On the more general issue of news organizations benefiting from crisis, endowment funding, probably in partnership with universities, is a potential solution. This has to come along with the destruction of advertising and subscription revenue so that endowment is the only option, as advertising and subscription are aligned with crisis.

  2. Larry Levis says:

    Incisive, witty, wonderful analysis.

  3. Pingback: Martin Gurri on President Trump and His Opponents | askblog

  4. Hannah says:

    This is a pretty short-sighted argument. You makes a fatal, and perhaps Trumpian, error of assuming that “benefit” equates with “more money.”

    Sierra Club has more money than ever, sure, but I suspect that they’d prefer to have less money and not have to spend the next four years defending the Endangered Species Act and conserved land. I work at an environmental non-profit, and we are miserable every day as we try to figure out how to counter the avalanche of Trump’s anti-environment policies. I’d much prefer a world where we have less money but more ability to make progress instead of slipping backwards into loss. Once we lose a species, there’s no getting it back.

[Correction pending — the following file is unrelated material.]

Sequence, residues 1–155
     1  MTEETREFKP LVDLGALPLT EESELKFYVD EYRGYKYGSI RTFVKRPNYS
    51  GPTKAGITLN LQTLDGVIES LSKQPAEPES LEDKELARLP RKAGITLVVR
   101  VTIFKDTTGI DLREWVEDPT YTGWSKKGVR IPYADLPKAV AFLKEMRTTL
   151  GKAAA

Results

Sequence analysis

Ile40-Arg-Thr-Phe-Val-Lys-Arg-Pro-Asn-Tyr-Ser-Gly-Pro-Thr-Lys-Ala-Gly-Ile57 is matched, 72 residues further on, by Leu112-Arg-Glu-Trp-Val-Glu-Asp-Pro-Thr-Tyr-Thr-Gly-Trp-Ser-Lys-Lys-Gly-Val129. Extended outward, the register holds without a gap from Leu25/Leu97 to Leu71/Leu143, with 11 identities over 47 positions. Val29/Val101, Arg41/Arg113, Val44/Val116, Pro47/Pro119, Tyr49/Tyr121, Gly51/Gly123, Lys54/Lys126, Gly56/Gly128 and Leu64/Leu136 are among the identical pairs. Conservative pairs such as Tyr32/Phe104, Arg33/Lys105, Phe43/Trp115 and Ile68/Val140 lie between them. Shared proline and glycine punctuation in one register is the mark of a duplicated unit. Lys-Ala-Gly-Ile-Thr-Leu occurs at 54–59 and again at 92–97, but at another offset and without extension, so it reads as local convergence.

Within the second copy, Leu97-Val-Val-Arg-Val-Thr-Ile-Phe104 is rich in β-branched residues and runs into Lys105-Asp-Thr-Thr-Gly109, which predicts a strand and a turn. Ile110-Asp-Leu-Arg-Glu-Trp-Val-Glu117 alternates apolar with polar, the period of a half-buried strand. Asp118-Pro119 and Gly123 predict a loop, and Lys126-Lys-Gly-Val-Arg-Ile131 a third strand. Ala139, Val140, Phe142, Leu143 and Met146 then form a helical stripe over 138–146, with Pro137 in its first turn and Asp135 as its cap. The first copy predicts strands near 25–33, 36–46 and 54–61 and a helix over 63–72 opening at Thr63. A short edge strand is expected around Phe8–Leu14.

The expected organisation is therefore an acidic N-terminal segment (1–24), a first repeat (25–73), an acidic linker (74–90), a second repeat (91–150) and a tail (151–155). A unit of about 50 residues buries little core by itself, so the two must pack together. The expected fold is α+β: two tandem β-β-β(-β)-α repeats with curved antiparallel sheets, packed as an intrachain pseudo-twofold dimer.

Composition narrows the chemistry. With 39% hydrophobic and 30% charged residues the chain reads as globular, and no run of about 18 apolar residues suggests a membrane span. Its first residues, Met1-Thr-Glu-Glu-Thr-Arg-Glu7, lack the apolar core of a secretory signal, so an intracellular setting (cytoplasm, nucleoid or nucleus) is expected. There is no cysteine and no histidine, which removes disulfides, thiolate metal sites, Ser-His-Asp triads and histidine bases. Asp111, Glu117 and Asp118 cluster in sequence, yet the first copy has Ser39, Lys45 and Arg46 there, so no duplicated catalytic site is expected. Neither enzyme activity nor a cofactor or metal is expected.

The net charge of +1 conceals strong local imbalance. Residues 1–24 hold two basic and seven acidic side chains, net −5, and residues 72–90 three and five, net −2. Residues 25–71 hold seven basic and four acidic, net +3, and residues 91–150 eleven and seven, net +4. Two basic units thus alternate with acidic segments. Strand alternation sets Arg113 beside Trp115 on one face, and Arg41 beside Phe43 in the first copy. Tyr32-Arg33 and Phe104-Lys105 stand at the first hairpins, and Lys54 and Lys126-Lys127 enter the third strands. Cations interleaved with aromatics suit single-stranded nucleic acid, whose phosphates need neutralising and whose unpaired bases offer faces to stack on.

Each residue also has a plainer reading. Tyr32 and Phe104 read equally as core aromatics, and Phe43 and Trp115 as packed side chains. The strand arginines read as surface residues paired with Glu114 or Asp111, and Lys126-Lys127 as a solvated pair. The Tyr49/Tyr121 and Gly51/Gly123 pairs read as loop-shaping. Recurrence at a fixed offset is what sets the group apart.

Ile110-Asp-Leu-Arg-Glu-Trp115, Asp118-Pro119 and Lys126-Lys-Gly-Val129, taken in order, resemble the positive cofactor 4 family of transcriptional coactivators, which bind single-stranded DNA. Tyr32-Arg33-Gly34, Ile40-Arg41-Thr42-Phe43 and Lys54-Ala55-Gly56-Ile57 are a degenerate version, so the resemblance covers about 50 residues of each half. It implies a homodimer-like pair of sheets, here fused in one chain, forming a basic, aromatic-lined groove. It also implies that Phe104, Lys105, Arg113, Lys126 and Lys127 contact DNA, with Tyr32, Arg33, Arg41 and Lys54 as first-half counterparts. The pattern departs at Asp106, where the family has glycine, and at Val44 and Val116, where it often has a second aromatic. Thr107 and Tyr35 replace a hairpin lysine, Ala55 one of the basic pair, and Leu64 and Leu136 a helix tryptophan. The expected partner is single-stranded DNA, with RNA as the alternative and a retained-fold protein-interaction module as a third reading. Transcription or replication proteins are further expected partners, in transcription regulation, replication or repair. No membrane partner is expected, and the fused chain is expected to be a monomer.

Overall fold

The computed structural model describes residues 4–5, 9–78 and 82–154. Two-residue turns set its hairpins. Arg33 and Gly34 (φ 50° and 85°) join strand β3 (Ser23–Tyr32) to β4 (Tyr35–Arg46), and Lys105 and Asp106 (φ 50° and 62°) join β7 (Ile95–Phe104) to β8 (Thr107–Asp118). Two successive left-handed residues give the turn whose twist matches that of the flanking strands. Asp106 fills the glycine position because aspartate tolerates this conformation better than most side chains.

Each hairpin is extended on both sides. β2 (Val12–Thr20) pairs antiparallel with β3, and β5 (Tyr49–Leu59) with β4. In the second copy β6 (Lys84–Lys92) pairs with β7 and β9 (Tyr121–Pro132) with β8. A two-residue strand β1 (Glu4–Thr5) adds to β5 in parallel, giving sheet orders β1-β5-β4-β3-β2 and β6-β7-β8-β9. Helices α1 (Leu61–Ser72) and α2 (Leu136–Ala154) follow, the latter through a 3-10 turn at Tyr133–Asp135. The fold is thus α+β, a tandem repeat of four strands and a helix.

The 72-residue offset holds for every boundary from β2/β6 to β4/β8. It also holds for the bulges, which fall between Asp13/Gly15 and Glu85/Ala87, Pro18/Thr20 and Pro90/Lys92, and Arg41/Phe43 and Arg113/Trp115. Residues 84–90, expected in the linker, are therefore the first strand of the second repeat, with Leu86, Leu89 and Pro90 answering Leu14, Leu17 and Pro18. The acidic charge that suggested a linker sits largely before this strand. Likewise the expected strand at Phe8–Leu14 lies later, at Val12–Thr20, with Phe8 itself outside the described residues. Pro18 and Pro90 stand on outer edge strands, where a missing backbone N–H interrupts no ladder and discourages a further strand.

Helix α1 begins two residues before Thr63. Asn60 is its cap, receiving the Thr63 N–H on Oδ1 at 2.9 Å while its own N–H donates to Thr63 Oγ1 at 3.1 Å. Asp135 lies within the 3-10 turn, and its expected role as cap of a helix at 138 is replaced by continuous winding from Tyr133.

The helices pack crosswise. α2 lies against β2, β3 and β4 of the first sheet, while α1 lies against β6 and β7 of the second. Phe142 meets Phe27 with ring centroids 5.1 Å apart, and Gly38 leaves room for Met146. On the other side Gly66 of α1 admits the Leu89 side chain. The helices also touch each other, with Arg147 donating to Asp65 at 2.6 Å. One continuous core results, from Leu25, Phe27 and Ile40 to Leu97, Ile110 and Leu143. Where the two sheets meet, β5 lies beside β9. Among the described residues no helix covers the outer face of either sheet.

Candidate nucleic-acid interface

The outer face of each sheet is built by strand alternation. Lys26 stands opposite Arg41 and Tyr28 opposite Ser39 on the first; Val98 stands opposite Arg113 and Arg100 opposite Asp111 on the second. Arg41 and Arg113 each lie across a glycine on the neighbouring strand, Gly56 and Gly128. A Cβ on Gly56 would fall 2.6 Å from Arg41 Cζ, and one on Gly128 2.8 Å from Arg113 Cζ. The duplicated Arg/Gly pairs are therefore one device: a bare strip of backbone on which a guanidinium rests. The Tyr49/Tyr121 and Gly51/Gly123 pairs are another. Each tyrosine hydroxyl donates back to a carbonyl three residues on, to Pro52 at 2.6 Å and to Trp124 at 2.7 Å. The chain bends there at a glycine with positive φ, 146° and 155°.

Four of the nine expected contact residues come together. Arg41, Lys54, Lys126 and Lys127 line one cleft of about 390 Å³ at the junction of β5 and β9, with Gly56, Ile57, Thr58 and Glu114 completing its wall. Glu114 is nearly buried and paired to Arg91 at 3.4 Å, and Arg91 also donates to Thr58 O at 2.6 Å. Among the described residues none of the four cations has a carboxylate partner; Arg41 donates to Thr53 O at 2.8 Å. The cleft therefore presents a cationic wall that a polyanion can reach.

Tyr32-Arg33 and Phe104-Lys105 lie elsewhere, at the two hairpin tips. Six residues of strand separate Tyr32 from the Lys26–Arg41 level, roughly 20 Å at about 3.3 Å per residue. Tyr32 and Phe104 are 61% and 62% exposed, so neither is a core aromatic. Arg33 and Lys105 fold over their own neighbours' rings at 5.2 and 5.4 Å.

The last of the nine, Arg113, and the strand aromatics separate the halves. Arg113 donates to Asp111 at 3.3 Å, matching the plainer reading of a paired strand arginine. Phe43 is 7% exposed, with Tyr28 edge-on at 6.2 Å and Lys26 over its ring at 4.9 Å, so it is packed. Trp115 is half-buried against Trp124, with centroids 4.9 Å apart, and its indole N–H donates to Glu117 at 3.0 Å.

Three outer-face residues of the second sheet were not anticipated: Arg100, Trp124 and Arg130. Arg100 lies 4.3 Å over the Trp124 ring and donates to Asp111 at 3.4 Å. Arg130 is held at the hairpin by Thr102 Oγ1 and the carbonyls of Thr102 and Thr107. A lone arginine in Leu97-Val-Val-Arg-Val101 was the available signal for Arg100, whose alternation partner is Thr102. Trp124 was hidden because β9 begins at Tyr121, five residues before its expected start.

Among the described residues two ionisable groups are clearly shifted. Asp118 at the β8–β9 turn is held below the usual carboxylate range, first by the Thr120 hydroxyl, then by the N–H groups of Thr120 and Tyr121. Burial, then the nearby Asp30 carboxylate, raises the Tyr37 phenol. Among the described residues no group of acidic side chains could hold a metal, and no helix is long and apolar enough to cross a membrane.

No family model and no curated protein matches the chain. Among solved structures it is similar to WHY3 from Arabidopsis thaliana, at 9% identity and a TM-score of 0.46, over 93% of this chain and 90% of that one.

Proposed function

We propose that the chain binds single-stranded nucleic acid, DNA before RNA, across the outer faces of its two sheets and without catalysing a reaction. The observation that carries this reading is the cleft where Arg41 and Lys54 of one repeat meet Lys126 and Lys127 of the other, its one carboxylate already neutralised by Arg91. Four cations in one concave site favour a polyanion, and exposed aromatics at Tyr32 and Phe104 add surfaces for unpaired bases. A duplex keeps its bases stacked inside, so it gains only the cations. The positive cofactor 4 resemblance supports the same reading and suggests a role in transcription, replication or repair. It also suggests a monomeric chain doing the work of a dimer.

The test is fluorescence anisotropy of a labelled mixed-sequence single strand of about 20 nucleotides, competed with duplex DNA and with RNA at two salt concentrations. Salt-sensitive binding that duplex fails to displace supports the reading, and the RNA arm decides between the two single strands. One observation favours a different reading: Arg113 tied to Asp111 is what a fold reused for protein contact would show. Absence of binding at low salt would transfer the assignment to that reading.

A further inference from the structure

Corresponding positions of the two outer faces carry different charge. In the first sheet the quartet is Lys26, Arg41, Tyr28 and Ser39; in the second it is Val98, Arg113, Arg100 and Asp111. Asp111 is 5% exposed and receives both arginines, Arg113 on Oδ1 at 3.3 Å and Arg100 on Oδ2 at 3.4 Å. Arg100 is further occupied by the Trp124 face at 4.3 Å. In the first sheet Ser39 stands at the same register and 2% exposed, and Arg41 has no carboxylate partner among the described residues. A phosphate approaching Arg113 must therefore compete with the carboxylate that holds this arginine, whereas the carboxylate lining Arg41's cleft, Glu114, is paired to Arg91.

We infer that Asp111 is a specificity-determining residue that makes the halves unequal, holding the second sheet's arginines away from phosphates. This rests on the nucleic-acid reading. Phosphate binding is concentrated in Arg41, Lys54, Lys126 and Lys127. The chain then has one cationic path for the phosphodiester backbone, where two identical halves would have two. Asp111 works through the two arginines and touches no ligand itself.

Which leads to my next point: Most people who work for the ACLU, or the news business, or Sierra Club do it because they care, not because they’re angling for the next big promotion. I don’t work for for that sweet ecotourism vacation; that is not part of our meager benefits package. And anyone who works at a non-profit knows that more money does not mean better pay or promotions for workers.

    So, I get the argument, and it’s definitely interesting to consider, but I don’t think it’s as compelling when examined up close.